Reminiscences - James Jarvis
To illustrate the difficulty the pioneers had in having their grain ground, I will relate an incident which occurred at an early day. There were no flouring mills running in our county, and we were compelled to go to Spoon River, Rushville, Vermont, and other places for that purpose. William Lawyer, David Jenkins and myself took our grain to the mill at Vermont. On driving up I asked the miller, "What chance have we for our grinding?" He replied, "We can do it in about three weeks." "Do you think you can do it that soon?" "Yes, if the mill don't break, I think we can." "Can we unload out grain, so as to feed?" "Well, you had better put it all in one wagon and feed in the other." "Can you drive in the lot for that purpose?" "I think you had better drive off a little ways." "Don't you think we had better go to Beardstown or Rushville?" "You can do just as you please so far as I am concerned," and he turned his back on us and returned to his work; as independent as you please. But we were not to be bluffed off, and thought, if possible to have our grain ground in less than three weeks, so when night come, instead of going to bed, we concluded to run the mill ourselves, which we did, and had our grist all ground before two o'clock A. M. On driving off in the morning with our flour the men who had been waiting many days for their grist were quite indignant to see how we had got ahead of them, but then, we were all right and went home happy.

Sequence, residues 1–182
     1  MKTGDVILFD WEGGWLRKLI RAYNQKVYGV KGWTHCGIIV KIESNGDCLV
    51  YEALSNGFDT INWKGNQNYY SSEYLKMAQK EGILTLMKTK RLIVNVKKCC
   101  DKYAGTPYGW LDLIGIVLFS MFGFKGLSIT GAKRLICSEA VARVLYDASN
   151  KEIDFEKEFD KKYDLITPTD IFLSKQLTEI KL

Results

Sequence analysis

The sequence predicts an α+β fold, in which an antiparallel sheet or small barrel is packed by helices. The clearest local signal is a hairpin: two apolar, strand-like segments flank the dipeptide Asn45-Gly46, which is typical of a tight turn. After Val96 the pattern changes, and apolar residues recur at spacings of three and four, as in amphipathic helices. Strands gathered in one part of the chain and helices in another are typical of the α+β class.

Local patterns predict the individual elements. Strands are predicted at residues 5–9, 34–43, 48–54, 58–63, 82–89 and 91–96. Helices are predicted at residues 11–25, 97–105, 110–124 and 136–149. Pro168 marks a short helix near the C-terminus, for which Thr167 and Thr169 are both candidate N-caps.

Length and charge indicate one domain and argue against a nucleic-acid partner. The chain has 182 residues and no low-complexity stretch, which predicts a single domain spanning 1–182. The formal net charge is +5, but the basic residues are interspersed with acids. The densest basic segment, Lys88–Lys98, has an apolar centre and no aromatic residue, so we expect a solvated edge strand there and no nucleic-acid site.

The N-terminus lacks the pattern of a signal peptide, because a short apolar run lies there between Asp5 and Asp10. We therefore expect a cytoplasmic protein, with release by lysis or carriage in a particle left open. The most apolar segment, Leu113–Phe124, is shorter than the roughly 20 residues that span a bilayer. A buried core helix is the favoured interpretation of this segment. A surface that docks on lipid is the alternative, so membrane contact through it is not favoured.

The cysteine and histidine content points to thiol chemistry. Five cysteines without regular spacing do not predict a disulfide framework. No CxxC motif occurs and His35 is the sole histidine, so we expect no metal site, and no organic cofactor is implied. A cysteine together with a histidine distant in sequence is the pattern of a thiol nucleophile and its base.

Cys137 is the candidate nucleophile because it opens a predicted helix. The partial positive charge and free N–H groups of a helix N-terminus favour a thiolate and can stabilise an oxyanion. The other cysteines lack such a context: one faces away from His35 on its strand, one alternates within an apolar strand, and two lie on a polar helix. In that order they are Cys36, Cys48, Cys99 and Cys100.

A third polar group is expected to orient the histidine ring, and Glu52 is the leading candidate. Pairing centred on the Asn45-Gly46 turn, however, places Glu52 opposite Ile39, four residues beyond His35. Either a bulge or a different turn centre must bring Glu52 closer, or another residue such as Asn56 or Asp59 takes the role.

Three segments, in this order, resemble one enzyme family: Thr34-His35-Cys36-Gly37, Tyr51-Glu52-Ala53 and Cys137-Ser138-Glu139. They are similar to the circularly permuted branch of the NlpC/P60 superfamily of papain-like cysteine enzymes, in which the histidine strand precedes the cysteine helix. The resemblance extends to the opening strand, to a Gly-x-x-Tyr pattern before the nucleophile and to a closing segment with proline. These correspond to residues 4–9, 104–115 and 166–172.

Source: History of McDonough County, Illinois, It's Cities, Towns, and Villages with Early Reminiscences, Personal Incidents and Anecdotes, and a Complete Business Directory of the County, by S. J. Clarke, published in 1878, pages 590-591.